The Catholic church is not doing itself any favours in thier quest to fight gay marriage law, They are out of touch with modern society, For example: In my place of work 97% are straight women & 1% Catholic, they all agree that gay marriage is the way ahead.

    Regards Steven.

    Comment by Steven Blockley — August 9, 2012 @ 11:30 am

  3. Well done Patrick…

    I well remember the work you did with PHACE west when you were based at the LGBT centre in Glasgow for your outreach work, through my own involvement on the centre management committee. I recall we were all very sensitive to age concerns and had proper procedures in place to address this. That Kearney should appear to challange this is concerning but not surprising, as is his complete lack of recognition of lesbian women’s health issues. I’m not going to go into the many peer-reviewed research studies on this but do recall one piece of research which I believe found that children raised by Lesbian parent couples had better ‘outcomes’ than any other parenting arrangement…

    Any marginalised group will have particular health issues, but these are due to issues such as lack of provision which is empathetic and targeted rather than to the condition or lifestyles, per se. You could say the same for smokers, diabetics, epileptics, and people affected by learning disabilities if their specific needs were not addressed by our health care system.

    Perhaps Peter Kearney could do his own research on Lesbian and Bisexual women. He’d probably be very surprised if he did. It might certainly puncture his contracts on LGBT people…

    Comment by Jaye Richards-Hill — August 9, 2012 @ 12:36 pm

  4. Sorry -autocorrect problem. Last sentence should have said *constructs*

    Comment by Jaye Richards-Hill — August 9, 2012 @ 12:37 pm

  5. i’m totally with YOU on this one patrick!
    as for the church, i really don’t know where to start. i’m tempted to respond, ‘why bother?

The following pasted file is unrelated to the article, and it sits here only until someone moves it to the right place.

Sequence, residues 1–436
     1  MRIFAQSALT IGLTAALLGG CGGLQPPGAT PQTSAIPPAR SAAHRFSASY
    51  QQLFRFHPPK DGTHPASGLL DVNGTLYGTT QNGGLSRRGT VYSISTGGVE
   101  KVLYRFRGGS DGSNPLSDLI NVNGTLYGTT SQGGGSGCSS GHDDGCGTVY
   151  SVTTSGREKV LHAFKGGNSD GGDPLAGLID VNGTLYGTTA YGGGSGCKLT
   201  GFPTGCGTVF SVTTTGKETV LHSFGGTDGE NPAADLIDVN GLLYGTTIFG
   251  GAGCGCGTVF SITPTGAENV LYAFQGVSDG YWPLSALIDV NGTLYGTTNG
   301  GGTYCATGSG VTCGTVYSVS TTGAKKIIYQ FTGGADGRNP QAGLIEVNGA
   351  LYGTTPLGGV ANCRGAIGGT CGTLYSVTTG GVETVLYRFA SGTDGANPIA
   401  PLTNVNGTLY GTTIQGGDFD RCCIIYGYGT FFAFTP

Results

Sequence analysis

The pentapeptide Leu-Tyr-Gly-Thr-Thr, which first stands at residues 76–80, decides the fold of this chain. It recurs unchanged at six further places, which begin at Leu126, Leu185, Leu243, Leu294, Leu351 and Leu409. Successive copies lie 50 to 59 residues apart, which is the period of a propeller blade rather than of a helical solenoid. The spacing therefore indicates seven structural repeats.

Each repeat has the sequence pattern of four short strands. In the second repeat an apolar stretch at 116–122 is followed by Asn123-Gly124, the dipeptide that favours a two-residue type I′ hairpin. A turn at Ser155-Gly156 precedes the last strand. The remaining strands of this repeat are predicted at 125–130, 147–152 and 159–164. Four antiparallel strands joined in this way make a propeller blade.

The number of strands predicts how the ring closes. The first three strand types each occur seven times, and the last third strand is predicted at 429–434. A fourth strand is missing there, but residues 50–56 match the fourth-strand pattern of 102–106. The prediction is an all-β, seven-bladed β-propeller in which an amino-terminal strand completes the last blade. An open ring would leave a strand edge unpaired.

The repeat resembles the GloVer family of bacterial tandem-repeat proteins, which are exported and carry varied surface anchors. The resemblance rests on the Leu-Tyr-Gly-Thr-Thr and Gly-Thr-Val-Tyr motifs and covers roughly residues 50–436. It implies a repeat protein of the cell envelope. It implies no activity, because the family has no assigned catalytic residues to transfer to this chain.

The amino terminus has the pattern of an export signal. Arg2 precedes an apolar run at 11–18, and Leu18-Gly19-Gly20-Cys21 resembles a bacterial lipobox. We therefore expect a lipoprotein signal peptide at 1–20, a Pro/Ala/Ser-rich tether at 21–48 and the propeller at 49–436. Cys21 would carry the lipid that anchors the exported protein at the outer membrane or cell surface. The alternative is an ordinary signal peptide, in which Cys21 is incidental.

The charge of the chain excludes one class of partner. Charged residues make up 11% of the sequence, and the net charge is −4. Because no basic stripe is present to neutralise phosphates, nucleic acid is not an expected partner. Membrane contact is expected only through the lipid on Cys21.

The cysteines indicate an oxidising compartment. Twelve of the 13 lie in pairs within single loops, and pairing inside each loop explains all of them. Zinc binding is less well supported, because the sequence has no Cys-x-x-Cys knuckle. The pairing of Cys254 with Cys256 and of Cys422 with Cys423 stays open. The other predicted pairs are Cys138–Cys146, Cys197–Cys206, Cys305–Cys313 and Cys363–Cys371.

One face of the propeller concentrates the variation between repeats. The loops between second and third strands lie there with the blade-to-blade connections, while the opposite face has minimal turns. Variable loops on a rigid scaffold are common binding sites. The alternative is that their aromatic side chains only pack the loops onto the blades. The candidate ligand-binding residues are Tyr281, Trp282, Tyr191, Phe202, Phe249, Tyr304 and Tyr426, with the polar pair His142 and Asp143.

the phrases : bigotry, prejudice, bile & many other such spring to mind. these days, i tend to ignore the witterings of the church & like minded cronies. usually of little relevance, adding nothing new, recycling & reinforcing old, outdated, out of touch irrelevant attitudes.
    the recent ‘getting knickers in a twist’ debacle over gay marriage is FARCICAL! the self selected ‘defenders of marriage’ seem to think they have a monopoly over marriage.
    eh, no. not by a long way.
    as an institution it predates the church etc by millenia, origins dim in human history.
    of his ramblings, one thing did stand out. the (allegedy) higher rate of suicide & depression.
    i may be stretching a wee bit here, but might this perchance be linked to the attitudes of such as himself & his cronies? just a thought….
    i could go on, usually do, but instead i’ll have a cuppa with a view to reducing my blood pressure. these eejit numptys really are full of it.
    good luck amigo in continuing to share enlightenment, taking on the forces of darkness & ignorance.
    see you on the barricades.
    fyi – i’m a straight, married 58 y/o man, totally supportive of lbgt rights etc.

    Comment by cam hamilton — August 9, 2012 @ 3:25 pm

  6. I’m at work, so haven’t been able to read through the letter in its entirety, but one thing does spring out to me. He says that, “A major study published in the journal ‘Cancer’ in May 2011 revealed that men with SSA (same sex attraction) in California are twice as likely to report a cancer as heterosexual men.” This may be due to the fact that heterosexual men are less likely on average to go to their doctor.

    Comment by David Myers — August 9, 2012 @ 4:37 pm

  7. I dont understand what gay men’s sexual health or, indeed, practices, have to do with marriage, or equal rights. Is Mr Kearney suggesting that because some gay men take part in practices he sees as higher risk, then the punishment should be that we forego our human rights??